We found out from the division that we could not get air support. Our artillery was too weak to pin down the powerful enemy. Therefore, the division issued orders: “Return to the line of departure!”
In a deliberate fashion, formation after formation disengaged from the enemy and was pulled out of battle. It wasn’t so simple everywhere. In one place, it was necessary to assume covering fires for the withdrawal; in another, it was to place artillery fire. There was a lot of work for us in the command vehicle at that point, so much that we nearly forgot that we were in a jam ourselves. It was not until the last outposts were withdrawn that our mission was accomplished. At that point, we attempted to move back. We had to go through that hell one more time, which we had only escaped through good fortune previously. We took the same route; we already knew it!
It was noticeably quiet at the time—suspiciously quiet. The quiet got on your nerves after all of the noise. We felt it—the enemy was still there—he was just waiting for a good opportunity. We passed the point where we had been hit by the artillery earlier. Just another turn to the left and we would have the long, straight road ahead of us. There was still a road obstacle there; we needed to pay attention. Then we hit the straightaway. We were secretly rubbing our hands together in glee. Then there was a smack against the rear armor. Once again, followed by another four. One after the other. That was from antitank guns. The engine continued to perform well, however. Then—a higher-pitched bang, an ear-deafening clash—the tank made a sharp turn to the left—and stopped. Knocked out at the last minute! Now the operative principle was to get out of the vehicle. The next round would certainly be a direct hit. But there was hell to pay outside. Grabbing the submachine gun and dropping to the ground seemed to be one motion.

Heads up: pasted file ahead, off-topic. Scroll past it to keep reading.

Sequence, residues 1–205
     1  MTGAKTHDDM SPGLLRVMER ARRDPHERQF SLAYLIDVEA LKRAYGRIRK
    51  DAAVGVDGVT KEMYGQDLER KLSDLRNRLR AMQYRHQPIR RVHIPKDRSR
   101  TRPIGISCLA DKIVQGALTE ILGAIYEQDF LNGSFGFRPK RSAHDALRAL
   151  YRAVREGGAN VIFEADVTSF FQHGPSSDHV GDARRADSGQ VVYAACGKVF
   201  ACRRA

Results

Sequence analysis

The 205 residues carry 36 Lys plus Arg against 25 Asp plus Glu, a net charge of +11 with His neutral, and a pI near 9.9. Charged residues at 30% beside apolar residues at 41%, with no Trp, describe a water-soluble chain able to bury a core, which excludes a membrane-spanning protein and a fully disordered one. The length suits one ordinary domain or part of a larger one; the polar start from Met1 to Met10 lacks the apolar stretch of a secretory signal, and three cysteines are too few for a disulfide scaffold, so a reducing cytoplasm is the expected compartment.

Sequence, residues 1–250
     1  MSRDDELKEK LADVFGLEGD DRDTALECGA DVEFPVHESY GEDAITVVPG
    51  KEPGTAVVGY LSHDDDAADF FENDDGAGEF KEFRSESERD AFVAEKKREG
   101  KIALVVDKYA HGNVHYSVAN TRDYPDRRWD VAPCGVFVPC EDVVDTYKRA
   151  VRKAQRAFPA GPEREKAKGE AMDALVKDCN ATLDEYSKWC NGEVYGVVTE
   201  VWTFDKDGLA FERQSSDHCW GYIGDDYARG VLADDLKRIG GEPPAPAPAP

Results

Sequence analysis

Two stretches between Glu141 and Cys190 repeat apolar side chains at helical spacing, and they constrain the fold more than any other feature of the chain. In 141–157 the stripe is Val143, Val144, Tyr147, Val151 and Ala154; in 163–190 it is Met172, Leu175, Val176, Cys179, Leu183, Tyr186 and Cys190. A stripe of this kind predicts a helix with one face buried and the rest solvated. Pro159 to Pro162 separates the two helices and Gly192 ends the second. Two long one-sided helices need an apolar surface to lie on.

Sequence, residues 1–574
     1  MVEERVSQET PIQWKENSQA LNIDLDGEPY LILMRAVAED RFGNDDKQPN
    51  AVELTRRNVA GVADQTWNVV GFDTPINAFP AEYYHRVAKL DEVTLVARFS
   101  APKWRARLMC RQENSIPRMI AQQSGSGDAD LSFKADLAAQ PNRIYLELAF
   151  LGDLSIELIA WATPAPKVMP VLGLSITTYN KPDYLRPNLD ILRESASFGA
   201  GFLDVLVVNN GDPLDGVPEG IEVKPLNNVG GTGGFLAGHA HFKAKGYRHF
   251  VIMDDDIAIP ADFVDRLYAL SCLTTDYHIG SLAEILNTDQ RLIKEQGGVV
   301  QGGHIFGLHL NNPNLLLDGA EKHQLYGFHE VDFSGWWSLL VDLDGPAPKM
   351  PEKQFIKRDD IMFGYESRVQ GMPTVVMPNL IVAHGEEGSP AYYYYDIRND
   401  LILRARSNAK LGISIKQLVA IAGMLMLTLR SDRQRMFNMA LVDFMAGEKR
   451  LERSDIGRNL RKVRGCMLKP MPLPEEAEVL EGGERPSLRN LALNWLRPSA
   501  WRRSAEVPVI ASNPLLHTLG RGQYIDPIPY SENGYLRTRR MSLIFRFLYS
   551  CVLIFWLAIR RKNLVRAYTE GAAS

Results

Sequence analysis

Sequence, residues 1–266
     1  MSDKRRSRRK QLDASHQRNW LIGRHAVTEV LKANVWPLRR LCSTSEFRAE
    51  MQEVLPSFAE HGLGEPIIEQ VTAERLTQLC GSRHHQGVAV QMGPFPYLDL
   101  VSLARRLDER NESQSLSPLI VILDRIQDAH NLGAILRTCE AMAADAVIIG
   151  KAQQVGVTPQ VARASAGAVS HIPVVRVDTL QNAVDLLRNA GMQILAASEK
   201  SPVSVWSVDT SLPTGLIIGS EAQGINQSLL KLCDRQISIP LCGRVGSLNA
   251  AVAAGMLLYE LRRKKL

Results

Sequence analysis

What was going on then? Thick smoke was coming out of the rear deck. We thought the engine was on fire. But a hissing made us suspicious. A round from an antitank gun had set the smoke grenades alight. A slight breeze moved the cloud over towards the roadblock. That meant we did not have too much to worry about at the moment, since the smoke was concealing us and keeping us out of the enemy’s sight. He most certainly thought he had totally wiped us out anyway.